Bone & Juice
Adrian C. Louis Northwestern University Press, 2001 Library of Congress PS3562.O82B66 2001 | Dewey Decimal 811.54
Adrian C. Louis's largely autobiographical verse is characterized by a bluntness born of self-irony and self-criticism. He attacks his subjects with an emotional engagement that is both tender and honest. Within the context of fallen ideals and lost spirituality among Native Americans, he composes elegies for his mentally disabled wife and describes scenes from "Cowturdville", his name for the town near a reservation where he lived. Mesmerizing the reader with the rhythm of his lively lines, Louis demonstrates a stylistic strength that is both accessible and demanding. His candid portrayals of Native American life and his social and moral critique of American consumerism and conformity are darkly hilarious odes to the cultural boundaries between Americans and Native Americans.
Adrian C. Louis Northwestern University Press, 2006 Library of Congress PS3562.O82L64 2006 | Dewey Decimal 811.54
Finalist, 2007 Los Angeles Times Book Prize in Poetry
In a torrent of rage, love, and irony, Adrian C. Louis explodes all the myths and hypocrisy of Middle America in the twenty-first century. This is how Walt Whitman or Allen Ginsburg might have written about our post-9/11 world--where the realities of poverty on Indian reservations and the plight of Hurricane Katrina victims come in second place to the vagaries of Homeland Security. For Louis, both he and our nation face an uncertain future. Like many of us he is trapped in a surreal void of the present, where he is faced with middle age and isolation, the death of loved ones, an unsatisfying job, and the battle against loneliness and self-destruction. He writes as if he has nothing left to lose but then fills the page with bittersweet sorrow for everything that has been lost. Armed with unforgettable images, relentless rhythms, and a dark and scathing humor, Louis takes aim at this American life.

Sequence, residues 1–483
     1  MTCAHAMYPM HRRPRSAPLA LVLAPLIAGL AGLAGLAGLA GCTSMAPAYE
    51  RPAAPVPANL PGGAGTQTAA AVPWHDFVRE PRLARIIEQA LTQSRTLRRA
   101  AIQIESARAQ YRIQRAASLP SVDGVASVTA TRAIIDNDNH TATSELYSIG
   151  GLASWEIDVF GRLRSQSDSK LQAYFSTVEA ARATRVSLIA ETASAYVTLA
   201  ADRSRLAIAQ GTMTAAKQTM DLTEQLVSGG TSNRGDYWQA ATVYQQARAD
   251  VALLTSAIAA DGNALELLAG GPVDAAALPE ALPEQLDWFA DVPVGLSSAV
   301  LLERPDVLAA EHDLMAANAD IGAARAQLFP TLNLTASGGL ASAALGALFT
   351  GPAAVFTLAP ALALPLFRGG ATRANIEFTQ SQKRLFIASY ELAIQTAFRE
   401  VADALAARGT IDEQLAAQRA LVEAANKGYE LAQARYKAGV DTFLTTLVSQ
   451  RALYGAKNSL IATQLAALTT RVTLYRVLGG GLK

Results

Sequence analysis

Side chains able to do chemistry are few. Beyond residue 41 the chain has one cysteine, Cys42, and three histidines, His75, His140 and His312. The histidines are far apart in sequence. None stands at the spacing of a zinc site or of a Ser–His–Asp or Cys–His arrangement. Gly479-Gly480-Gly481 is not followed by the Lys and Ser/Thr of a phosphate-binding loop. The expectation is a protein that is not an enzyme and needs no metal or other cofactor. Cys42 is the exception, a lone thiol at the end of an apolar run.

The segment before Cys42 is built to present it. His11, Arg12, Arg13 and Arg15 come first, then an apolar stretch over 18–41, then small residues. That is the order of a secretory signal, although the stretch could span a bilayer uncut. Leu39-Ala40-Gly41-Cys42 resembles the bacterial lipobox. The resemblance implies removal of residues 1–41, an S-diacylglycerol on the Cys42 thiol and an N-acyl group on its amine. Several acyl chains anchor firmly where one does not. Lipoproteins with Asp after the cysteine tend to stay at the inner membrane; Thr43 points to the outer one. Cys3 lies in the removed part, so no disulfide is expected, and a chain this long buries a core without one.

This is an anthology of poems in the Age of Trump—and much more than Trump. These are poems that either embody or express a sense of empathy or outrage, both prior to and following his election, since it is empathy the president lacks and outrage he provokes.
There is an extraordinary diversity of voices here. The ninety-three poets featured include Elizabeth Alexander, Julia Alvarez, Richard Blanco, Carolyn Forché, Aracelis Girmay, Donald Hall, Juan Felipe Herrera, Yusef Komunyakaa, Naomi Shihab Nye, Marge Piercy, Robert Pinsky, Danez Smith, Patricia Smith, Brian Turner, Ocean Vuong, Bruce Weigl, and Eleanor Wilner. They speak of persecuted and scapegoated immigrants. They bear witness to violence: police brutality against African Americans, mass shootings in a school or synagogue, the rage inflicted on women everywhere. They testify to poverty: the waitress surviving on leftovers at the restaurant, the battles of a teacher in a shelter for homeless mothers, the emergency-room doctor listening to the heartbeats of his patients. There are voices of labor, in the factory and the fields. There are prophetic voices, imploring us to imagine the world we will leave behind in ruins lest we speak and act.
However, this is not merely a collection of grievances. The poets build bridges. One poet steps up to translate in Arabic at the airport; another walks through the city and sees her immigrant past in the immigrant present; another declaims a musical manifesto after the hurricane that devastated his island; another evokes a demonstration in the street, shouting in an ecstasy of defiance. The poets take back the language, resisting the demagogic corruption of words themselves. They assert our common humanity in the face of dehumanization.